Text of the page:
Torontron Cabinets Revive Arcade Legacy

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Torontron Cabinets Revive Arcade Legacy

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Arcade machines—shopping mall and variety store staples in the 1980s and 1990s—are now a rare breed, supplanted by the portability and comfort of home consoles, computers, and, more recently, smartphones. It’s a shame; for anyone who saw an arcade as a second home there was joy in the darkness pierced by colourful screens, the cacophony of bleeps and bloops, and the presence of a large, bearded man in the corner saddled with a generous apron filled with quarters.
Following the adage that “everything old becomes new again,” a group of Toronto game makers called The Hand Eye Society is part of a global movement to revive the arcade machine and make it relevant once more. (Full disclosure: The Hand Eye Society and its members have volunteered for and spoken at Gamercamp, the games festival I co-organize.) This weekend will see Hand Eye unveiling its newest arcade machine, called the Torontron High Roller, at the Toronto Comic Arts Festival.


The Torontron High Roller is so named for its trackball, a cabinet feature often used to play electronic versions of bowling and pool games; it’s included on the machine to better suit games that used a mouse as part of their controls. “Most indie games are developed for the PC, so this is a huge untapped area,” noted local game maker and Hand Eye member Miguel Sternberg in an email exchange. “I think the High Roller may be the first indie arcade cabinet that can support these types of games properly.” As the curator for the Torontron High Roller, Sternberg chose six games from different genres that made inventive and varying use of the trackball, such as puzzlers, racers, and shooters. The High Roller games are from Toronto artists, except an international guest spot filled by noted American indie developer Auntie Pixelante.

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The main screen for the Torontron High Roller arcade cabinet.


The High Roller is actually the second multi-game machine by The Hand Eye Society. The original Torontron debuted in 2009, and was a 1982 arcade cabinet with a more traditional joystick and button configuration retro-fitted to play six Toronto independent games. A series of single-game machines were then created in 2010 as part of a popular Nuit Blanche installation called “Arcadian Renaissance,” and was one of the first works to be shown at the TIFF Bell Lightbox. The machines evoke a sense of nostalgia for players, said Sternberg: “Arcade machines became so ubiquitous that everyone took them for granted. However, now that they’re gone I think we’ve lost a certain type of game and gaming experience. People who miss that arcade experience really light up when they spot our cabinets and for kids they’re often a genuine novelty.”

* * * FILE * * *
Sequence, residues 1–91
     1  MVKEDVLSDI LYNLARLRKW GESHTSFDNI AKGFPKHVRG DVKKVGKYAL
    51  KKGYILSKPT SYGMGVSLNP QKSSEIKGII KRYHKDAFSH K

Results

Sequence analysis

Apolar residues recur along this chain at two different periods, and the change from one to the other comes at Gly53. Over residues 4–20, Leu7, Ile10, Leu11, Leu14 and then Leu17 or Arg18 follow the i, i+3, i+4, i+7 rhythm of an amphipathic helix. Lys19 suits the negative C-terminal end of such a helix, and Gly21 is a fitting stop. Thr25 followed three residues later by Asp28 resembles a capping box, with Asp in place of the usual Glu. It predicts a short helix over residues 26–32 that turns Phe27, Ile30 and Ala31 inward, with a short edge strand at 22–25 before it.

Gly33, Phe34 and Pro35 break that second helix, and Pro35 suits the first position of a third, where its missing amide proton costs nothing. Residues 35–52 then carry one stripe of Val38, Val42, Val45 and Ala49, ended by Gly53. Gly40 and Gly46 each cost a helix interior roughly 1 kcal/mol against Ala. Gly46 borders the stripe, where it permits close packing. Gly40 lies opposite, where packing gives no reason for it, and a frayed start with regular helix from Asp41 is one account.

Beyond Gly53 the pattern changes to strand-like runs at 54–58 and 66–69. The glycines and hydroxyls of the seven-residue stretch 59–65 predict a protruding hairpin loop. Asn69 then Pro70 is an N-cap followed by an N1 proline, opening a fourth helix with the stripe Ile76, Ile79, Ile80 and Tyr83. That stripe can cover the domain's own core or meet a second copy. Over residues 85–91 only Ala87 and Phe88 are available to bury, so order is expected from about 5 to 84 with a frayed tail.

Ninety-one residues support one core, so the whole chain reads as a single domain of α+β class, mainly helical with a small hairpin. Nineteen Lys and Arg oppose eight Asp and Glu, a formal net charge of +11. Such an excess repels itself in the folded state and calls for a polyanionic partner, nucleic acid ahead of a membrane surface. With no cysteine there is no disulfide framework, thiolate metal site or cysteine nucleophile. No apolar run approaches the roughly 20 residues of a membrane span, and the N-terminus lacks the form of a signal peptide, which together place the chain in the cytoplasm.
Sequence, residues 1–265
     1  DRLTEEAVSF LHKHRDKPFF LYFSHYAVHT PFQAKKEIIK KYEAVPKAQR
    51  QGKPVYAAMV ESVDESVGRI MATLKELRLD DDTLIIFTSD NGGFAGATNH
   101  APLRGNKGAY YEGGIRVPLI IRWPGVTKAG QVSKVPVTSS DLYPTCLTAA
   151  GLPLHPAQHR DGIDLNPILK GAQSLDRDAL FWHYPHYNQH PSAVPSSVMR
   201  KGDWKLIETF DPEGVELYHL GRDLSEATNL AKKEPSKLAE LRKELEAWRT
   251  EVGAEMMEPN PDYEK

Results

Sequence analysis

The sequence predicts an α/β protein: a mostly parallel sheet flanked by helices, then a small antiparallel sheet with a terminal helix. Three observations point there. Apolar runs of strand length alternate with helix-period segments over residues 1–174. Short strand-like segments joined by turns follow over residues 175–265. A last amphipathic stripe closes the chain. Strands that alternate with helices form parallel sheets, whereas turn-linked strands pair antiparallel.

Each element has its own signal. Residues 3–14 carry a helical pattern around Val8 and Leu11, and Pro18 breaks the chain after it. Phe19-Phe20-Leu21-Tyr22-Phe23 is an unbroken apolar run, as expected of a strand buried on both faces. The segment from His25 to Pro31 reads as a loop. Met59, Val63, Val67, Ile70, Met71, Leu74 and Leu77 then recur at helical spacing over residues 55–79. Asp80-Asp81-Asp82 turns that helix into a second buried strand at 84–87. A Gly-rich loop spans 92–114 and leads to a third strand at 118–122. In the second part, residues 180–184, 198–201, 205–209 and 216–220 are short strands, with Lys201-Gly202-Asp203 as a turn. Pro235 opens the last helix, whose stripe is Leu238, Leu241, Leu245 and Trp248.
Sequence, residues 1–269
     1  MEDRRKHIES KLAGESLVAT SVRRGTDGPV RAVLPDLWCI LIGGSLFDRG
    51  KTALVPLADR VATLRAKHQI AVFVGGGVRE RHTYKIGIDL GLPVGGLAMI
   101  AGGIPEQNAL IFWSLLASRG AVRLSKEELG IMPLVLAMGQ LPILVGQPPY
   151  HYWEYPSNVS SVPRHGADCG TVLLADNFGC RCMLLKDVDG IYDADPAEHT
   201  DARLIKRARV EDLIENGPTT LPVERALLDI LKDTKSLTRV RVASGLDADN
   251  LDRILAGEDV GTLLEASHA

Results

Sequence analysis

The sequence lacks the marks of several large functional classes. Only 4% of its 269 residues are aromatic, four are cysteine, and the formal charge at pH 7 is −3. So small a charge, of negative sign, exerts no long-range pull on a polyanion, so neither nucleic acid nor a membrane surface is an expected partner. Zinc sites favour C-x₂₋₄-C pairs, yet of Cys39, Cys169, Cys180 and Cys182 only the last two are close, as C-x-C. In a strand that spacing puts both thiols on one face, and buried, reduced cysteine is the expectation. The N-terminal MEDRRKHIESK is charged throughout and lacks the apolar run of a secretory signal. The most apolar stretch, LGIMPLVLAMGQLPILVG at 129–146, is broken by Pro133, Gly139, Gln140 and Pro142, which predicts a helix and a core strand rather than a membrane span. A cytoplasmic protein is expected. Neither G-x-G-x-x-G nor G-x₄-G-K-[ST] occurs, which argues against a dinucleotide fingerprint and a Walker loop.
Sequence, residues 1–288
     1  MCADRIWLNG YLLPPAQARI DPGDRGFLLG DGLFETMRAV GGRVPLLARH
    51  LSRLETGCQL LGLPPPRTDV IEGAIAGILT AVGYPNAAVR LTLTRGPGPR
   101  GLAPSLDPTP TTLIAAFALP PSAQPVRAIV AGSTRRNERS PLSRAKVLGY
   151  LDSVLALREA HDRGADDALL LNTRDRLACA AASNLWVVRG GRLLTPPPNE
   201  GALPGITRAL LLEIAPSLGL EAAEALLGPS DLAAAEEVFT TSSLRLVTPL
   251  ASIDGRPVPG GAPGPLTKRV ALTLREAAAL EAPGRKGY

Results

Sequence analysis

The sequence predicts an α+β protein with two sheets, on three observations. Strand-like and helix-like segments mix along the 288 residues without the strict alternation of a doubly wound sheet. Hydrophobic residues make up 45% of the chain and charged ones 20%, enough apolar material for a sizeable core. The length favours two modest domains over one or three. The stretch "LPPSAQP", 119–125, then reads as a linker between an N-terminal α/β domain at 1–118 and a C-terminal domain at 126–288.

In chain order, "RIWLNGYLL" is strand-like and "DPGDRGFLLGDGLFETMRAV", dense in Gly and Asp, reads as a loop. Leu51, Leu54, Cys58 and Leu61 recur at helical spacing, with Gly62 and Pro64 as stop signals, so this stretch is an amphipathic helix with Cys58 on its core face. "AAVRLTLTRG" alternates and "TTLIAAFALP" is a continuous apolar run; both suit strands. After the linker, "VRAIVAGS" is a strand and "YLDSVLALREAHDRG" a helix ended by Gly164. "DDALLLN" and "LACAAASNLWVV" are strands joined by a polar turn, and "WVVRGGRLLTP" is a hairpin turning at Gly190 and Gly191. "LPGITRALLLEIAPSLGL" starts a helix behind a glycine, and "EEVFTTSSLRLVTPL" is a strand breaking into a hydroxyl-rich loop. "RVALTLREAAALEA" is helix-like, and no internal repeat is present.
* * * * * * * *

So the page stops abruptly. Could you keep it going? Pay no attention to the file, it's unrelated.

The Torontron machines attempt to increase exposure and expand the audience for independent games. Often, independent games are released on PC and result in solitary play experiences—the stroke of genius within the Torontrons is bringing the action out of players’ homes and into the open, where a cabinet can allow for social experiences. Sternberg concurs: “As games have moved away from arcades and onto online services and Facebook, they’ve become less social. There’s something special about a place you can meet up with strangers to play, compete, and co-operate with. Sure you can kind of do all that online; however, so much nuance and communication between players is lost over things like voice chat and the like.” The loss of contact rings true for anyone who haunted an arcade and knows there is no substitute for lining up quarters on a busy machine as a queue to play, while striking up conversations about games with other waiting enthusiasts.
Toronto’s independent games community isn’t alone in trying to recapture the feel of the arcade. The Torontron itself has been a large influence, creating a chain reaction inspiring a Winnitron in Winnipeg, which in turn has been picked up as far away as New Zealand. Concurrent to the Torontron, similar machines were built in New York City in a project spearheaded by Babycastles, a local artistic collective working to further game culture, and drew the attention of media such as the New York Times. Arcade cabinet projects are also slated for Seattle and Austin.
The revival of cabinets for independent games won’t bring arcades back to their former prominence, nor is that the intent. Still, there’s an excitement to knowing that once more there’s an opportunity to grab a friend, stand shoulder-to-shoulder, and together journey into the imaginary world of a game. With a good game, time spent in enjoyment isn’t measured in minutes, but in quarters.
Photos courtesy of The Hand Eye Society.

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